Once we reached there, we were simply breathless to see the crescent moon shaped waterfalls. Even though it is smaller, no doubt why it is compared with the great Niagara Falls of the US and is aptly named “The Niagra Falls of India”.
Winter was just setting in when we went there also as it did not rain much that year, the volume of water was quiet less. That permitted us to take snaps standing very near to the falls, from points where one can’t even dare to step in the monsoon time, when the entire crescent is hidden by the gigantic waters.
Having enjoyed the view from the sides, we climbed down the steps, adjacent to the government tourist rest house, to have a panoramic front view of the cascading waters. On the way down we enjoyed a cup of tea at a small tea shop. It is better to carry some snacks from the hotel as you do not have many options for eating out in the vicinity of the waterfalls.
If the view of these mammoth waterfalls is breathtaking in the morning, then the view of the waterfalls which is illuminated in the night is even more hypnotizing.
The way back from Chitrakote | Adventure of a Lifetime..
As we bid adieu to this remarkable creation of nature, we mistakenly took an adventurous diversion towards Barsur, a diversion which I cannot forget for a lifetime. Just a few kilometers ahead and we found the roads beginning to disappear; sight of human existence diminishing (only a few tribals who were staring at our vehicle for what, GOD only knew); the forests getting wilder and denser;
Elated we were to the brim as we saw the roads started appearing again and the signboard indicating “Barsur – 0 Km”. The first sign of human existence that we witnessed after quite a while were Jawans of paramilitary forces taking guard behind piles of sands and boulders that acted as barricades.
As we were heading towards the Saat Dhara waterfalls, our progress was halted by the patrolling Jawans of Central Reserve Police Force (CRPF) at one heavily guarded barricade.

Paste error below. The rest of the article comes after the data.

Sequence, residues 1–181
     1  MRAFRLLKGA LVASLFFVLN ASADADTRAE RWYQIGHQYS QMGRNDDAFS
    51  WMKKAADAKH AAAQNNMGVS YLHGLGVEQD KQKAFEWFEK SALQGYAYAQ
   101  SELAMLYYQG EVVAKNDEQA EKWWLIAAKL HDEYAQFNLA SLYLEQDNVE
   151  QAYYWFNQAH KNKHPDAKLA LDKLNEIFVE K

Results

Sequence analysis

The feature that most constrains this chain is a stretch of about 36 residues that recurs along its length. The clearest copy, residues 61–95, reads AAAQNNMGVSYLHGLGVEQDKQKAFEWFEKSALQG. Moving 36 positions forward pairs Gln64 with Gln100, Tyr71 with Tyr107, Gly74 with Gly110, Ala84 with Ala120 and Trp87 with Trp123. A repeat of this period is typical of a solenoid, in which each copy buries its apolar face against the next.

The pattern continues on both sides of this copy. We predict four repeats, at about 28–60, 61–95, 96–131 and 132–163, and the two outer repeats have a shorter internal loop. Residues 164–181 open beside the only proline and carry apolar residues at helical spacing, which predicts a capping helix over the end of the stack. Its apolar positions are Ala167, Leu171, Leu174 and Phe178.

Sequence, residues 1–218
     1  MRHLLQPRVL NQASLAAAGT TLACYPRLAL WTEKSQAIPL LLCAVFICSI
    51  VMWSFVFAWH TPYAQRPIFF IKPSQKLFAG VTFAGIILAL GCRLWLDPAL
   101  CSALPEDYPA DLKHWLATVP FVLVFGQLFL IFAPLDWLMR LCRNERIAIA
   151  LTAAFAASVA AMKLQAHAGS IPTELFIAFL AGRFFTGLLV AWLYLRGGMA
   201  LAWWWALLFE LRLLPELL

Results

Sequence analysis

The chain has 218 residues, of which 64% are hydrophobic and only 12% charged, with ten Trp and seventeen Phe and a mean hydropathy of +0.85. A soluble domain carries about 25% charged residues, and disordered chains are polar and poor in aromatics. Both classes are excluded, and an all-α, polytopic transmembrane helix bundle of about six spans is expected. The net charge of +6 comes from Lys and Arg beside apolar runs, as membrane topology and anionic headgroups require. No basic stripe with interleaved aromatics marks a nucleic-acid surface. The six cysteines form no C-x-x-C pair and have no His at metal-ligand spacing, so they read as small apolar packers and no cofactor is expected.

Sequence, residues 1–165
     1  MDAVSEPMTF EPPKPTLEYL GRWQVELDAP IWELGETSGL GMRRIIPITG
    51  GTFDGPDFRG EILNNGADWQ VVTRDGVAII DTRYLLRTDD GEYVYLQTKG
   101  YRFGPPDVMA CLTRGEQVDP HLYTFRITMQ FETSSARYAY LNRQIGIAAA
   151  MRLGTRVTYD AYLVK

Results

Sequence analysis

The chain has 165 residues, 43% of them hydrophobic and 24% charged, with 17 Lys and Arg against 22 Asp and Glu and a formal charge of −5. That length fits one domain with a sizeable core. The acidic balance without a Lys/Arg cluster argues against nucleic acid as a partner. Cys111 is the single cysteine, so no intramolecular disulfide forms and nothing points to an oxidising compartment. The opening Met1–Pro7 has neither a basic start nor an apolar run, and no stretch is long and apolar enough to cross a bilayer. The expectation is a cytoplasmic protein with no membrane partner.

Daylight dwindling slowly as we traversed through the thick forests; breaking roads merging into muddy tracks less traveled and then came the biggest jolt – a patch of land, which our driver confirmed had been the remains of the road that had been blasted off recently.
To add to this we could see very small patches of paddy fields among the dense forests and tough terrains. The excitement of an adventure had soon turned into apprehensions of the unknown.
The only signs of fauna that we saw during the entire journey through these dark forests were the sight of a wild makdi, a few foxes and wild birds. Other than these, only one vehicle crossed us, that too carrying cargo and not humans.
A Brief Rendezvous with the Jawans
Our vehicle was searched and we were enquired about our identities, purpose of visit etc. Soon one of the Jawans noticed that the front wheel of our vehicle was just about punctured.
As we realized that the Stepney tyre was also in a very bad shape, we were instructed to wait at the barricade till the driver would get the tyres repaired at a nearby place called Geedam.
We had a brief chat with the Jawans and were truly moved to listen to their strenuous lives that they have in these remotest areas, Each Jawan had a different story to tell, from being married and staying away from the family that stays in Karnataka to being an eligible bachelor from the far northeast waiting to get married to his beloved, whose name was tattooed on his hand.
We had a succinct discussion about the problems they faced in these tough conditions, the way the naxalites operate, stories of ambushes in the past etc.